“Yes, you do,” I mumbled into his shoulder. “You hate me because I’m gay.” He continued to rock me as we both wept.
“I love you, Jack,” cried my father. “I could never hate my own son.”
“But Mom does,” I responded tearfully. “I know she does.”
“Your mother still loves you,” he assured me. “She’s just upset by what she saw. We had no idea that you were like that.”
I pulled away. “Like what?” I watched as he fought for an answer. “Well, Dad? Like what? Like something is wrong with me?”
He replied apologetically, “I didn’t mean that the way it sounded. Of course, there is nothing wrong with you.”
I rose from the bed, stared down at him and responded, “Then why are we talking about this? Why can’t you just accept that I’m gay?”
“It’s not that easy, Jack,” he replied.
He gave me a puzzled look and said, “I don’t know. It’s just not.”
I looked down at him and asked again, “Why?”
He looked up and replied, “I don’t have an answer for that.”
He rose from the bed, looked sadly at me and left the room.
I went over to the closet where I had thrown my bookbag when I came home from school on Friday. I had a literature assignment to do. I was tired of dealing with the whole situation. Since Friday night when my mother saw me kissing Tracy, I spent every minute dealing with it. Well, except the two times I had sex, once with Jeff, and then the threesome we did earlier. I thought to myself, ‘if gay sex is so bad, then why do I enjoy it so much?’
And I did enjoy it. It didn’t make me feel dirty or perverted. Maybe it was getting a little bit out of hand. It seems like I wanted to do it without any regard to how it might affect me emotionally. But then again, I’m only sixteen. I’m not looking for a guy to marry. I’m just looking for a little fun while I can enjoy it. Later, I know I’ll fall in love and commit myself to just one guy. Right now, I just want to enjoy it while I can.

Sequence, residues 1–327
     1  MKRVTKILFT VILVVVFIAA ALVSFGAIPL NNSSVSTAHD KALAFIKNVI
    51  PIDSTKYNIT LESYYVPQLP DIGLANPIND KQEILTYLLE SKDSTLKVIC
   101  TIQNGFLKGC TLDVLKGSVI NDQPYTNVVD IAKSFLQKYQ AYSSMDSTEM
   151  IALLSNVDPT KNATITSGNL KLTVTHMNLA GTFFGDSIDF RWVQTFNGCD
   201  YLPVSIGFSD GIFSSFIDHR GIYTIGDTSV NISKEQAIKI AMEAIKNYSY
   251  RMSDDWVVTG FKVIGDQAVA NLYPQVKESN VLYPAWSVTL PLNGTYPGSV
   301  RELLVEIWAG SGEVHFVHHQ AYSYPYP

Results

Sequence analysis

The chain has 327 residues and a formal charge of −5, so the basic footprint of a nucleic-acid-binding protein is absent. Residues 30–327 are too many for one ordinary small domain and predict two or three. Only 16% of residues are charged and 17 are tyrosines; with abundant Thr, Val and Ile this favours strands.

Of course, I could never admit this to my mother and father. Maybe someday they will accept the fact I’m gay. However, they will never be able to accept the fact I’m having sex with another boy. I guess it is like me not wanting to think about them grinding in bed together. Oh God, I can’t believe I just thought about that!
So, I guess for us to live under the same roof, we’ll just have to forget about the sex aspect of this whole thing. I mean, I’m not going to stop having sex with Tracy and Jeff if I want to. I just won’t throw that aspect up in their face. Mom already saw me kissing Tracy while I had my hands inside his shorts. If she could just get past that image, then maybe things will be alright.
I started reading The Grapes of Wrath. God, talk about boring. I don’t know why teachers assign us to read books that was written about The Great Depression. Teenagers are already dealing with problems of their own; and if they are like me, they get depressed a lot. So, what good is it to read about a family struggling during the Dust Bowl? I know it sounds cruel, and it helps us understand history just a little better- at least that is what teachers try to explain as they assign us boring books to read. But I think they should have us read something that is a little more cheerful. Last year we had to read short stories by Edgar Allen Poe. Before we started on the unit, Mr. Lassiter told us that Poe was an alcoholic, and he occasionally smoked opium. He explained that is why many of Poe’s stories are so dark. I thought it was ironic because he has posters on his wall that warns us to stay away from drugs and alcohol.
And adults wonder why we are so messed up.
I had been reading for about a half hour when someone knocked lightly on my door. I was afraid it might be Dad coming back to ground me for being so rude earlier.